Airline State Park Trail • Alain and May White Trails • American Legion • Appalachian Trail • Aspetuck Valley • Bigelow Hollow • Case Mountain • Charter Oak Greenway • Chatfield • Cockaponset • East Coast Greenway • Falls Brook • Farmington Canal Heritage Trail • Gay City • Hancock Brook • Hop River State Park Trail • Housatonic Range • Jericho • Kettletown • Lillinonah • Lone Pine • Macedonia Brook • Mattabesett • Mattatuck • McLean Game Refuge • Menunkatuck • Metacomet • Mohawk • Moosup Valley State Park Trail • Muir • Narragansett • Natchaug • Naugatuck • Nayantaquit • Nehantic • New England National Scenic Trail • Nipmuck • Old Furnace • Patchaug • Paugussett • Peoples • Pequot • Pine Knob • Pomperaug • Quinebaug • Quinnipiac • Ragged Mountain • Regicides • Salmon River • Saugatuck • Shenipsit • Sleeping Giant • Sleeping Giant State Park • Stony Creek Quarry • Sunny Valley Preserve • Tunxis • Washington–Rochambeau Revolutionary Route • Westwoods • Whitestone Cliffs • Wolcott Trail • Zoar
Protected areas of Connecticut National Park Service National Wildlife Refuges
Silvio O. Conte • Stewart B. McKinney National Wildlife Refuge
National Trails State Parks
Airline • Beckley Iron Furnace Industrial Monument • Bigelow Hollow • Black Rock • Bluff Point • Burr Pond • Camp Columbia • Campbell Falls • Chatfield Hollow • Collis P. Huntington • Connecticut Valley Railroad • Day Pond • Dennis Hill • Devil's Hopyard • Dinosaur • Fort Griswold Battlefield • Fort Trumbull • Gardner Lake • Gay City • George W. Seymour • Gillette Castle • Haddam Meadows • Haley Farm • Hammonasset Beach • Hampton Beach • Harkness Memorial • Haystack Mountain • Hop River State Park Trail • Hopeville Pond • Housatonic Meadows • Hurd • Indian Well • John A. Minetto • Kent Falls • Kettletown • Lake Waramaug • Larkin State Park Trail • Levy • Lovers Leap • Macedonia Brook • Mansfield Hollow • Mashamoquet Brook • Millers Pond • Mohawk Mountain • Moosup Valley State Park Trail • Mount Tom • Old Furnace • Osbornedale • Penwood • Putnam Memorial • Quaddick • Quinnipiac River • River Highlands • Rocky Neck • Selden Neck • Seth Low Pierrepont • Sherwood Island • Silver Sands • Sleeping Giant • Southford Falls • Squantz Pond • Stratton Brook • Talcott Mountain • Wadsworth Falls • West Rock Ridge • Wharton Brook • Windsor Locks Canal State Park Trail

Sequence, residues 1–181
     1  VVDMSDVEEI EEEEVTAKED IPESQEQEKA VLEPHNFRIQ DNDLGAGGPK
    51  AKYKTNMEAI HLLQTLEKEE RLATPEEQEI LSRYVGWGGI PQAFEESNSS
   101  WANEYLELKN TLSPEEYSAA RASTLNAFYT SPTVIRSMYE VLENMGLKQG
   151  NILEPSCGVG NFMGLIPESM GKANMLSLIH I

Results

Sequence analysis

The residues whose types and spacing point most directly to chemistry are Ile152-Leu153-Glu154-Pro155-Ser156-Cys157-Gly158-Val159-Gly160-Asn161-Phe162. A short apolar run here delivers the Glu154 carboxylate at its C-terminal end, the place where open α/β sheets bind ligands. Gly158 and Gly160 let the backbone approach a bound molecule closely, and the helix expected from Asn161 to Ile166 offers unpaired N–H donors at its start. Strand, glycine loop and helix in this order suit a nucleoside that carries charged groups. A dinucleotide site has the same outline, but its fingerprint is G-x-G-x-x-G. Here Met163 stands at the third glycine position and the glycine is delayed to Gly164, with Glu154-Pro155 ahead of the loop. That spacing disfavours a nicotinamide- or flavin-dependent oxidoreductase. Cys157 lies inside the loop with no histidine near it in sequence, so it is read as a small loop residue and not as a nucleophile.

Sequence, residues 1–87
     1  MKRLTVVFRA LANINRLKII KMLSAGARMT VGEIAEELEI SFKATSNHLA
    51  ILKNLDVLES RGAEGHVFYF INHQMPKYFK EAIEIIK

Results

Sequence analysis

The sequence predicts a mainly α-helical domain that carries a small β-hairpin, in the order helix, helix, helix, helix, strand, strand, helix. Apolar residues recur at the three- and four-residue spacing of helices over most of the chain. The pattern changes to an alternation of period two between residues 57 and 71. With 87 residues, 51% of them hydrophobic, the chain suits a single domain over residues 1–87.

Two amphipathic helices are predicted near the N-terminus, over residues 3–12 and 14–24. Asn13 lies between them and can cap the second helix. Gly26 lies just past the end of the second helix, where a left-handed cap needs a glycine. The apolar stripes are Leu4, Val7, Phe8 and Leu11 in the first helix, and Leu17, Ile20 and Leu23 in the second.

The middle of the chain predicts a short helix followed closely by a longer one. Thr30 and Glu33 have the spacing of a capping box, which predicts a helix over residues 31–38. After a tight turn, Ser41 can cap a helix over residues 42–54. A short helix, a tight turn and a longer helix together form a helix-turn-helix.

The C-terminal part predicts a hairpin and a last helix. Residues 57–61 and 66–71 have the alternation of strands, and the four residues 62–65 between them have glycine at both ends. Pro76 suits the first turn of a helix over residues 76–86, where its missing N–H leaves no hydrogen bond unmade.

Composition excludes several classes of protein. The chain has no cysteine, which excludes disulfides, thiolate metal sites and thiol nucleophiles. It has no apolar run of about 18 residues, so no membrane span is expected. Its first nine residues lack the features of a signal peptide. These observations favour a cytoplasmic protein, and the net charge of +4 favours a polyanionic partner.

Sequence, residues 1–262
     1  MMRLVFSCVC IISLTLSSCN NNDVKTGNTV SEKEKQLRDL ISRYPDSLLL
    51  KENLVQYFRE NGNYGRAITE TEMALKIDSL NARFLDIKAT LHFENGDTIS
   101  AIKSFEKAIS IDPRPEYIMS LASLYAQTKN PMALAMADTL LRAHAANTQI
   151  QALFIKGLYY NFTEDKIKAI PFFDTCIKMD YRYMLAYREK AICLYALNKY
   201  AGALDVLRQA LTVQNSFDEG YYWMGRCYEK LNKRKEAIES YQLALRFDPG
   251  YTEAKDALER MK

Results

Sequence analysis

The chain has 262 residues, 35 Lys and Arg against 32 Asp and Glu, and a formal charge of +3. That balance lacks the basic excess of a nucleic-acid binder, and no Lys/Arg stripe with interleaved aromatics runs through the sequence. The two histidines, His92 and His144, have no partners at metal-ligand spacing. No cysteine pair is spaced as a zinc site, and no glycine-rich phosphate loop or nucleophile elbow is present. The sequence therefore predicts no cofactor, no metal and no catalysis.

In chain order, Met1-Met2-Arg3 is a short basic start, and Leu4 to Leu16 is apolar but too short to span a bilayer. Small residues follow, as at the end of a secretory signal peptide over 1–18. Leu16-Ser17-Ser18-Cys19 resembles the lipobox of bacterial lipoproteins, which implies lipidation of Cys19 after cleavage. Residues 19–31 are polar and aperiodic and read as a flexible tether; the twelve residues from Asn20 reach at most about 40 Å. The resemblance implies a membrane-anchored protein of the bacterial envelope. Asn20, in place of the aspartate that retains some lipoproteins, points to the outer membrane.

Algonquin • American Legion • Centennial Watershed • Cockaponset • Enders • James L. Goodwin • Housatonic • Massacoe • Mattatuck • Meshomasic • Mohawk • Mohegan • Nassahegon • Natchaug • Nathan Hale • Nehantic • Nepaug • Nipmuck • Nye-Holman • Pachaug • Paugnut • People's • Pootatuck • Quaddick • Salmon River • Shenipsit • Topsmead • Tunxis • WyantenockConnecticut Department of Environmental Protection (web)